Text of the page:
Five years ago, Brian Polen wasn’t a runner.
One year ago, he wasn’t the owner of a specialty running store in Wooster.
Two months ago, he wasn’t the race director for the Akron Marathon.
Now Polen, a former engineer, is all three, and his face will be among what’s new at the marathon this year.
Polen admits he had to hit the ground running, pun intended, when he started his new full-time job July 15.
His job description covers all angles of “course and runner experience,” he said — from making sure Akron’s streets are ready for the Sept. 28 event to making sure volunteers are ready to assist the expected 15,000 participants.
“I’m learning and doing at the same time, and it has been fun,” Polen said in a recent interview.
Polen, a 33-year-old Wooster native, said he started running five years ago to “get healthy and get in shape,” and ran his first Akron Marathon that year. At the time, he was supervising a production facility for an automotive supplier.
Then last October, he and his wife, Tammy, became speciality retailers, opening Vertical Runner in their hometown.
He has organized several activities, from group runs to 5K events, and his immersion into the running community was among the reasons marathon officials were impressed.
“The passion he has for the Akron race and the Akron experience, coupled with his charismatic personality and his experience in the running community, just made him that special candidate we were looking for,” Executive Director Anne Bitong said.
Polen replaced Jim Barnett, who served as race director for the marathon’s first decade and is now a member of its board of trustees.
Other changes await runners and spectators for the 11th Akron Marathon:
On the course
Organizers said the marathon has gotten so big, they’ve had to make adjustments at the starting line.
For the first time, runners will be separated into three “corrals” based on their expected pace.
“In the past, we basically had one big chute of runners and there was some suggestion for people to line up based on their pace, but nothing was enforced,” Polen said.
People confused about where to be in the lineup often ended up in front of much faster runners, causing log jams as thousands of people attempted to pass them.
“We will have some blazingly fast people there this year,” Polen said.
Bibs will be marked with each runner’s corral number, and as usual, a chip in the bib will mark the runner’s official starting time when he or she crosses the starting line.
There will also be something new at the end of the course, Bitong said.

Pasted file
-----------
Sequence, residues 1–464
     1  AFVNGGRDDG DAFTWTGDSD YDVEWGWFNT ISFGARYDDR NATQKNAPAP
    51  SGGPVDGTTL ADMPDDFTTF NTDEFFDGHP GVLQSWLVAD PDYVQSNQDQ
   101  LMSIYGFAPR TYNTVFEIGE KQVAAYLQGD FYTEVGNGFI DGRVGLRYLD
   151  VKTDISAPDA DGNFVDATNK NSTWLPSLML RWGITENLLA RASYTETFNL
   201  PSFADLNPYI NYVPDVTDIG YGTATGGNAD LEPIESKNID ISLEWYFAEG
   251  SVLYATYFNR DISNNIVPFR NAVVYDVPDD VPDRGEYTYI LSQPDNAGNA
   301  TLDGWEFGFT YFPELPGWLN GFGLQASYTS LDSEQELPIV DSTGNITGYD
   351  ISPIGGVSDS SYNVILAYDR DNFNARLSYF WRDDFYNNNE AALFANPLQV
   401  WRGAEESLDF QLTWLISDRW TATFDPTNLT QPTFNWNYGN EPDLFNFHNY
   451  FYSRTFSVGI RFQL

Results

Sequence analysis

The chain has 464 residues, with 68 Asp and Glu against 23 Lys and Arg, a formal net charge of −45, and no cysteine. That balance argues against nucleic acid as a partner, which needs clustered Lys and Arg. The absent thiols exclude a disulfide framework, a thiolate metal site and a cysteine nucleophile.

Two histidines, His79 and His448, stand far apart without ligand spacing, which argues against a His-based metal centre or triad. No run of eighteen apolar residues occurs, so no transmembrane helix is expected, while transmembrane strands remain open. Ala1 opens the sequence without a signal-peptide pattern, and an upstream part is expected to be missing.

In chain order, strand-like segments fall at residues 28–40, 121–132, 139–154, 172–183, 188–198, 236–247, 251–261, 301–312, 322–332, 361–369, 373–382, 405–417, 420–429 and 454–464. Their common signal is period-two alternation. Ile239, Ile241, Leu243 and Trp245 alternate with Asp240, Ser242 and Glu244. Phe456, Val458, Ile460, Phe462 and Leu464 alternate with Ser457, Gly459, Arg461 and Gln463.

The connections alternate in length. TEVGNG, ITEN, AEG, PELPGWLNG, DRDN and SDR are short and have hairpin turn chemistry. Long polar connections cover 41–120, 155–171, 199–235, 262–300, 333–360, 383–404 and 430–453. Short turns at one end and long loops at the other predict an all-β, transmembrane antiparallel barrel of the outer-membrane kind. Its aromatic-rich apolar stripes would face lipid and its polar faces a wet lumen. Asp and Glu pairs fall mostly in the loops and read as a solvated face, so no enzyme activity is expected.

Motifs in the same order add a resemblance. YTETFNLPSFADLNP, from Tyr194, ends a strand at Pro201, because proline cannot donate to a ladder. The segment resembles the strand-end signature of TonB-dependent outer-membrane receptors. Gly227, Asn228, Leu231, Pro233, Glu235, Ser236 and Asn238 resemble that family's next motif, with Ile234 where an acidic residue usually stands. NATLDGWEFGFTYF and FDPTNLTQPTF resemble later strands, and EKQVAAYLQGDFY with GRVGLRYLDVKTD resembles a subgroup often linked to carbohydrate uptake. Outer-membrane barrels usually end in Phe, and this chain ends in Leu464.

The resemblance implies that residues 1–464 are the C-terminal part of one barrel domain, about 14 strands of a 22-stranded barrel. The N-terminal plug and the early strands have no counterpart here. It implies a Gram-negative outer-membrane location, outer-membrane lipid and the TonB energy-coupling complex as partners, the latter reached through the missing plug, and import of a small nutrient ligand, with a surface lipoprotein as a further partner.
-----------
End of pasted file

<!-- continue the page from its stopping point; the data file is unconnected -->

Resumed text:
Runners, spectators and volunteers will be able to upload personal snapshots of the race onto the Akron Marathon’s Instagram site. The photos will form a slide show on the big screen at the finish line in Canal Park.
“We’ll get live updates throughout the day,” Bitong said, “and we’re really encouraging our volunteers to be mini reporters out there.”
The Austen BioInnovation Institute has teamed up with the Akron Marathon to analyze the health benefits of the event.
Event organizers asked participants to fill out a health impact survey last year, but this year’s effort will include pre-race surveys matched to post-race outcomes conducted by medical professionals.
The goal is to collect data on everything from weight loss to how many participants were able to eliminate medications because exercise eradicated some borderline illness.
“Part of our mission is to promote health and wellness, as well as economic impact and promoting the region,” Bitong said. “We want to show there are benefits to focusing on your health.”
This isn’t the first year runners have used Akron to qualify for the U.S. Olympic Team trials, but there might be a record number of them here this year, Polen said.
Based on running times that some folks have put on their registration forms, organizers are guessing about 10 of them are Olympic hopefuls.
Polen credits changes to the half-marathon course, which was made “faster and flatter” last year. “The word got out,” he said, “and more people have identified our race to run for that qualifying time.”
To get invited to the trials for the 2016 Olympics, a man must finish a full marathon in 2:15 or a half-marathon in 1:05. For a woman, those respective times are 2:37 or 1:15.
The Akron Marathon is on pace to do what it did last year: sell out.
More than 90 percent of the available spaces in the half and full marathons are filled. The event can handle 2,000 full- and 4,500 half-marathon runners.
Even the five-person relay teams are on pace to fill up, Polen said.
There’s a limit to how many are accepted because of logistics, such as the need to order supplies, and to help manage the traffic jam that can occur at the relay exchange zones, which occur on the same route as the 26.2-mile marathon.
Registration is also underway for the one-mile Kids Fun Run.
To register, visit www.akronmarathon.org.
Paula Schleis can be reached at 330-996-3741 or firstname.lastname@example.org. Follow her on Twitter at http://twitter.com/paulaschleis.